Study Rationale: Gait deficits in Parkinson’s disease (PD) are not well controlled with existing therapeutic strategies. Episodic gait deficits such as freezing of gait are particularly debilitating and can lead to serious injuries from falls. Although deep brain stimulation (DBS) of the upper brainstem has been proposed for the treatment of gait deficits, the outcome has been disappointing. Using sophisticated tools available to basic research, we have gained unprecedented knowledge about the brainstem circuits involved in gait and determined the reasons for this lack of therapeutic benefit. We propose to translate this knowledge into an approach that enhances the efficacy of DBS.
Hypothesis: We hypothesize that different neuronal populations within a brainstem structure called the pedunculopontine nucleus (PPN) respond differently to electrical stimulation and need to be targeted individually. By establishing electrical stimulation protocols that have different effects on different cell types, we will identify and target the neurons responsible for gait.
Study Design: We will stimulate the PPN in preclinical rodent models of PD and record the neuronal activity of different neuronal cell types in response to this treatment. Using this knowledge, we will establish stimulation protocols that will allow us to differentially modulate the neuronal activity of different cell types at the same time. The stimulation protocols will be adapted in accordance with the pathological changes these neuronal subtypes display after the loss of dopamine-producing neurons. These protocols will then be tested in freely moving mice, with the aim of rescuing deficits in their motor symptoms.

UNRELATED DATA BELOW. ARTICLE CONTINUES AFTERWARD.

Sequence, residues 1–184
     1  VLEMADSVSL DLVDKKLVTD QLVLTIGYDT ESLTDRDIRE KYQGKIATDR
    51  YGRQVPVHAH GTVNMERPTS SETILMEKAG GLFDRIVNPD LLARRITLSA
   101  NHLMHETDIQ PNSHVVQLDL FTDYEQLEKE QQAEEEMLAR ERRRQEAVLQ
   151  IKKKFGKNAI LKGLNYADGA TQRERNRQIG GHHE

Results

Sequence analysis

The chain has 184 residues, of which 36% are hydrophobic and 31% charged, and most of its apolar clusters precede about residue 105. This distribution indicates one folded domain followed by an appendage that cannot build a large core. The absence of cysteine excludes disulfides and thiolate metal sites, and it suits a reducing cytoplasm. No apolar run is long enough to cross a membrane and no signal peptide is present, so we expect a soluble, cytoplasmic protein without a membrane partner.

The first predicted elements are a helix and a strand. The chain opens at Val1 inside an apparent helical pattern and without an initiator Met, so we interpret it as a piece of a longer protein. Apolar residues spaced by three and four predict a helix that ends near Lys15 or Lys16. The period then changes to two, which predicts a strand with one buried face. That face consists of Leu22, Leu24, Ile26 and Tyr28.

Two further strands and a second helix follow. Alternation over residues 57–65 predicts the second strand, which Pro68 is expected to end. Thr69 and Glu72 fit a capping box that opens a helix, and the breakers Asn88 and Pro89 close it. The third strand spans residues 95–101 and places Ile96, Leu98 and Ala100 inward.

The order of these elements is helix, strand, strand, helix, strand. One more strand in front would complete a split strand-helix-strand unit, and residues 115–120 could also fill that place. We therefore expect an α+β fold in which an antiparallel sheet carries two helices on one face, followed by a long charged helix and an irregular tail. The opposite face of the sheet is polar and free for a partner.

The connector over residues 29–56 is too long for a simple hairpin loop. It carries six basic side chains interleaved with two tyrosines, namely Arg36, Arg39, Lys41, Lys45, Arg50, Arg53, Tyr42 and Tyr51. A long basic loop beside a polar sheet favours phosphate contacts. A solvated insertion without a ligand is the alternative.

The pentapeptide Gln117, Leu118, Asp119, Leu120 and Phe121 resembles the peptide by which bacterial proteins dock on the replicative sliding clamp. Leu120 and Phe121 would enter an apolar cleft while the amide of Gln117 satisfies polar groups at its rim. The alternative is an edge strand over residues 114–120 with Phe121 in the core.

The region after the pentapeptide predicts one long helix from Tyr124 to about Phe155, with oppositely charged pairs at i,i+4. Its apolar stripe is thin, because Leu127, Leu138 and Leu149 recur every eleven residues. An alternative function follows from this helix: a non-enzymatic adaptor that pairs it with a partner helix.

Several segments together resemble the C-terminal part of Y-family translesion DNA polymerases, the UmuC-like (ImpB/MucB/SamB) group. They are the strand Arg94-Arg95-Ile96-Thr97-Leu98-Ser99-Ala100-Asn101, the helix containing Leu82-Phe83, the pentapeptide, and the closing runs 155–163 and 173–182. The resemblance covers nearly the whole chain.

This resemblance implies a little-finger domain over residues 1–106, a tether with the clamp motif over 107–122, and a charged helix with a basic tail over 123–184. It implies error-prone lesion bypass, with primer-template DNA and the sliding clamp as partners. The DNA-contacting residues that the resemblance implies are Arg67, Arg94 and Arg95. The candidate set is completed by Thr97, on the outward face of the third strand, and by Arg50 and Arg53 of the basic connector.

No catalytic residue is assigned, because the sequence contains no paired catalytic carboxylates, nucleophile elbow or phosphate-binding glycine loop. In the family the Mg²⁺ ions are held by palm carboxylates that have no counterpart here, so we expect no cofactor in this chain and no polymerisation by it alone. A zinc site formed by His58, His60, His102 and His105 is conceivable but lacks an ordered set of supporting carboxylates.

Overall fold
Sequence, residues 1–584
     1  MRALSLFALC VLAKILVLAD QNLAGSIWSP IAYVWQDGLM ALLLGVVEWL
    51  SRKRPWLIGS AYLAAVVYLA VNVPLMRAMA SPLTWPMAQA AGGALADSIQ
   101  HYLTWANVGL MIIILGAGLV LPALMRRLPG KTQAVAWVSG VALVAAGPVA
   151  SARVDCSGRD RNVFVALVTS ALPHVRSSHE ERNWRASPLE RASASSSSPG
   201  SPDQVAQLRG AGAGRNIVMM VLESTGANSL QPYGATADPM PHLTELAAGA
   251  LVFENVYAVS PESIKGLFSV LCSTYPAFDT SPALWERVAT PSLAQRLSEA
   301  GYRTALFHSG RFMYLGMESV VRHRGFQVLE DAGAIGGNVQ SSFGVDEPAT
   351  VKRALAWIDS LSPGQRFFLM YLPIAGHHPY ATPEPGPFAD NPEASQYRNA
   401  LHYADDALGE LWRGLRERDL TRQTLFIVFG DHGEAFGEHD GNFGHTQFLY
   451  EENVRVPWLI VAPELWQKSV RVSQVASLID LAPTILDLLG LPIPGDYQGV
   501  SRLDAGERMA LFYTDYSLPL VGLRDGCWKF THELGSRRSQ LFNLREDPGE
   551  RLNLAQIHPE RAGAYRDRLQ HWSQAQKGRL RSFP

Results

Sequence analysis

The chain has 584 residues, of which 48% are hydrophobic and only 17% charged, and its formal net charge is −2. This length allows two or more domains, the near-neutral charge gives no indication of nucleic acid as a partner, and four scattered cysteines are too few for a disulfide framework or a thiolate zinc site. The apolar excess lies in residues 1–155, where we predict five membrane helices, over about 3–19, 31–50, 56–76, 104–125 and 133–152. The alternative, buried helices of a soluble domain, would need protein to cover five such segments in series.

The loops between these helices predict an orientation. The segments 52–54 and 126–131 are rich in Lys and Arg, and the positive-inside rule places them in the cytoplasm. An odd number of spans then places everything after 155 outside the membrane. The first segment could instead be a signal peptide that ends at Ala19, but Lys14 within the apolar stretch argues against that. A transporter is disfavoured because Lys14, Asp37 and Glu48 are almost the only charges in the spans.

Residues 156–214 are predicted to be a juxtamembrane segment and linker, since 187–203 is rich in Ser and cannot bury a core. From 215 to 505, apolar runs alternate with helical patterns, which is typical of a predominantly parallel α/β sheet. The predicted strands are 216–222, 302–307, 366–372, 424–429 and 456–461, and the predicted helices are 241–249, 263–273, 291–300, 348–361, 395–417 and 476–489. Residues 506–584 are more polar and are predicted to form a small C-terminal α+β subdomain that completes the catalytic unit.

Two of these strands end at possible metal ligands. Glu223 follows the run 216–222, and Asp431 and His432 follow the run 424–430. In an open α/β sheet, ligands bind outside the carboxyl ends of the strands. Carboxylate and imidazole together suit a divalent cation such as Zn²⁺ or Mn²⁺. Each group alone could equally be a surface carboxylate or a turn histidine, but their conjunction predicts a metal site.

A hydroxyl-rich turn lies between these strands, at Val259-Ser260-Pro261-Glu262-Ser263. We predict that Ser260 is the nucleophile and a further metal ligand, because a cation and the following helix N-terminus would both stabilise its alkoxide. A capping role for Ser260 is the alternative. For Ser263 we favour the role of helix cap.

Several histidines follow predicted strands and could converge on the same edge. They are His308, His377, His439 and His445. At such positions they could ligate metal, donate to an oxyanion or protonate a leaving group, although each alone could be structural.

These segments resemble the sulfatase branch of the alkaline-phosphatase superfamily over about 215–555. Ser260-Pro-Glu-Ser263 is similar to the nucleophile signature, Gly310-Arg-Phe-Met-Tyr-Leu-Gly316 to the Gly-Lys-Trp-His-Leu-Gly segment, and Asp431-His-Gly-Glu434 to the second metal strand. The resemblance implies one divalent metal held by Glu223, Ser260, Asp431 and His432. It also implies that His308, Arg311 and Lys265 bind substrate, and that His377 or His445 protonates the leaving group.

Impact on Diagnosis/Treatment of Parkinson’s disease: Managing gait disorders remains a pressing, unmet need for many people with PD. Developing stimulation protocols that target the motor circuits of the PPN can lead to immediate use in the clinic and offer a real treatment option for patients with gait deficits.
Next Steps for Development: DBS is a clinically safe therapy, and the PPN has been an investigational target for almost two decades. Because implantation protocols, targeting strategies and safety profiles have already been developed, the results of this study can be taken directly to the clinic and tested, including in patients with DBS implants.